“We do some light (durable medical equipment), raised toilet seats, things like that,” he said, but generally, UroMed is all about urologicals. “We carry wound care, ostomy products, bowel management products … anything like that. Our core focus is urology and incontinence.”
Some years back, the company decided to branch out. It bought a wheelchair and van conversion company.
“It didn’t go well for us,” Burns acknowledges, noting that they soon dispensed with the acquisition. The UroMed team made a decision. “We’re going to do one thing really, really well. We’re sticking with cornbread. We make cornbread; we don’t make croissants. We make cornbread. That’s what we do and we do it well.”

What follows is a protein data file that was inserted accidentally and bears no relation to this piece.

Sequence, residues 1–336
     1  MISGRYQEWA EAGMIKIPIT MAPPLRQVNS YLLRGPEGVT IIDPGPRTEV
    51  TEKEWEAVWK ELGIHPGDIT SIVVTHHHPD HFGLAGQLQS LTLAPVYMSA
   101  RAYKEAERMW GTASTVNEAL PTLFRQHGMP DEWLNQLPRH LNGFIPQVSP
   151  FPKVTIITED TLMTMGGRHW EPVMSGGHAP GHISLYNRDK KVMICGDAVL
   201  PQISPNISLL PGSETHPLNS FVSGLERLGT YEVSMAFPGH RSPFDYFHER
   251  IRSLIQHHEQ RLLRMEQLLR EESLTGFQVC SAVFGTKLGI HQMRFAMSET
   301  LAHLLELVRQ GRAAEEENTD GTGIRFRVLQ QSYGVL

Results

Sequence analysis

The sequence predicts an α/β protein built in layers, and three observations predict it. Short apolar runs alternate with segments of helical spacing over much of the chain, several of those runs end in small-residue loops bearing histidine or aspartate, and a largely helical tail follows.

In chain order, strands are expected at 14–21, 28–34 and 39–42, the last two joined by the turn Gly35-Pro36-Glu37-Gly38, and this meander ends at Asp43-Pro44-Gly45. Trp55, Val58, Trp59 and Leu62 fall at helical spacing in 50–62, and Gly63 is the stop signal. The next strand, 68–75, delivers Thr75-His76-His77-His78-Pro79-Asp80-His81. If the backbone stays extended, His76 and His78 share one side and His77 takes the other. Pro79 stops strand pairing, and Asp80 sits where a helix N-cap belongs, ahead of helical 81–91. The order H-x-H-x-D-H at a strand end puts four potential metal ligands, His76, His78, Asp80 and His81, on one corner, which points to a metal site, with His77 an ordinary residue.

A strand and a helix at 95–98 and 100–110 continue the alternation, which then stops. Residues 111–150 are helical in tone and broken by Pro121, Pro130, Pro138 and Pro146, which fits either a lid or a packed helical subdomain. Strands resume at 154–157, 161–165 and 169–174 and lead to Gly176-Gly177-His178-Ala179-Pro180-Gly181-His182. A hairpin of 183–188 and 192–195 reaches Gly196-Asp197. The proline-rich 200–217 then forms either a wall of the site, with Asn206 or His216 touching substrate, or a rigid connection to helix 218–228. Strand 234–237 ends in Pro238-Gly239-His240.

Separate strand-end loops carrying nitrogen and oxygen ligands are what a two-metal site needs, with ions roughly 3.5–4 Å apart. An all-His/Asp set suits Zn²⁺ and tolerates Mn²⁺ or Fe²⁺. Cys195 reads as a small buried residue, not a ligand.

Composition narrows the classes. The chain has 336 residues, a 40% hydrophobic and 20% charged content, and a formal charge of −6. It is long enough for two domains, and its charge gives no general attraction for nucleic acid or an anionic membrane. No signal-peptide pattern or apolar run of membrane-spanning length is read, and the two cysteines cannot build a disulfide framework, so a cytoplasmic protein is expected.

UroMed’s biggest challenge, therefore, is not the upheaval in the industry, the threat of competitive bidding or deciding whether or not to go into retail. It is expanding its client base.
“Our biggest challenge is finding individuals that can use UroMed services. Folks are out there. We have to educate them, (help) them find us and let them know there are better ways of cleaning catheters. We have to keep looking at if from a patient perspective,” Burns said.
So, UroMed advertises on the local NBC station and its ads feature UroMed employees. The company also works with condition-related associations, sports programs for the disabled and motivational programs for disabled youth. Through monetary donations or volunteer service, it also helps a large spectrum of organizations in every community in which it has a facility.